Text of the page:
Thank you for posting the videos! I need to make a Korean dish for my class and the how-to video is perfect for me because I can’t cook. I’ll write back later to tell you how everyone in my class liked it. Thank you again for the video, now maybe people won’t be afraid to try it if they know I learned the correct way of making it.

  34. Briauna
    Posted January 28th, 2009 at 9:38 pm | # |

    Oh my goodness this video saved me!!! I was making this for my class because we are learning about Korea and i couldnt make it right!This video helped me so much! And my class absolutely loved it!!! Thankyou soo much! By the way, you are a very good cook! :)
    And it was very delicious :D

  35. Maangchi New York City My profile page joined 8/08
    Posted January 25th, 2009 at 8:45 pm | # |

    Chris,
    haha, good for you! You deserve to eat it all. : )

  36. Chris
    Posted January 25th, 2009 at 7:52 pm | # |

    I made this awhile ago but didn’t get around to posting until now.

    Here is a picture. The picture is not very good but it looked nice in the sunlight.
    http://i71.photobucket.com/albums/i140/chrisk32/Sujunggwa.jpg

    Unfortunately I was the only one that was around to drink this, and I had to finish it in 2 days. I enjoyed it though!

  37. Maangchi New York City My profile page joined 8/08
    Posted January 16th, 2009 at 12:26 pm | # |

    hai,
    It’s “jindo arirang”

    Linda,
    Yes, it’s very easy to make if you know this recipe.

  38. Linda
    Posted January 15th, 2009 at 7:51 pm | # |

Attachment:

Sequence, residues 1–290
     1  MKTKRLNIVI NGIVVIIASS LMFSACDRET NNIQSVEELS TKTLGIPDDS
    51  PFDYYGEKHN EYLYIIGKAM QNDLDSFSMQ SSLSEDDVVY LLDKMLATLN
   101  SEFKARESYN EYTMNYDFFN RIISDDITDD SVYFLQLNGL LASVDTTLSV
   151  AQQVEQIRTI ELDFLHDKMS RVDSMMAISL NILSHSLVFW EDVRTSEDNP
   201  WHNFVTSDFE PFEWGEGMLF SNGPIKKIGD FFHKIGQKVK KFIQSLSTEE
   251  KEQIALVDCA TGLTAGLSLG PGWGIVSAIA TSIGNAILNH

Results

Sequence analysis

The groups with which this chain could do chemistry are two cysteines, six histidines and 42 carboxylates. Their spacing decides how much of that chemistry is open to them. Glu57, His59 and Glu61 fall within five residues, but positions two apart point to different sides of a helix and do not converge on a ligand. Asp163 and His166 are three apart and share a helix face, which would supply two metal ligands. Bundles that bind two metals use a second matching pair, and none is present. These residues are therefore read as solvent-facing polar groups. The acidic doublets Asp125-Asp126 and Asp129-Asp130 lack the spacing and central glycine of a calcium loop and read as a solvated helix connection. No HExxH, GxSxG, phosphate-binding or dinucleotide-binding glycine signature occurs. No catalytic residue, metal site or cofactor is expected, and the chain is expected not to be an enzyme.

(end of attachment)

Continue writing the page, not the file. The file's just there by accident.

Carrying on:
Hi! I stumbled upon your website looking for korean recipes and I’m SO GLAD there is a recipe and video on how to make this sujunggwa. I had this drink in NY Korean Town restaurant and fell in love with it! I couldn’t find the recipe for it online until now – you’re amazing! I will be reviewing all the other recipes you have on this site, great work :)

  39. hai
    Posted January 8th, 2009 at 2:11 pm | # |

    can you tell which is this bavkgroundmusic plzz

  40. Maangchi New York City My profile page joined 8/08
    Posted January 4th, 2009 at 11:31 am | # |

    orangge,
    Thank you for the update! Wonderful!

  41. orangge
    Posted January 3rd, 2009 at 8:58 am | # |

    Thanks for the recipe. I have made this beverage twice. First time with the dried persimmon and second time without it. Both also taste good!!

  42. Maangchi New York City My profile page joined 8/08
    Posted December 22nd, 2008 at 9:12 am | # |

    susan,
    wow, you are living in the same city where I’m living now! Thank you for your interest in my video recipes. sauce for 새우깐풍기? ok, I will include it in the list of my upcoming recipes.

  43. susan
    Posted December 22nd, 2008 at 1:48 am | # |

    hi Maangchi!

    I had heard about your videos before on Youtube, from foreigners in Korea who follow your recipes (!) but I didnt know you had a website also so visiting for the first time.

    I think it’s wonderful that you are teaching everyone from all over the world about Korean food, it’s not as well known as other ethnic cuisines but I found that once someone tries it, they get hooked!

    I’m Korean American living in NYC and I have been cooking for a long time since I was in middle school but there are still so many recipes that I never tried yet, I thought 수정과 would be much harder to make but you make everything look so easy, I will definitely try to make it!

    It’s pretty late here now but I was watching your videos and they made me so hungry!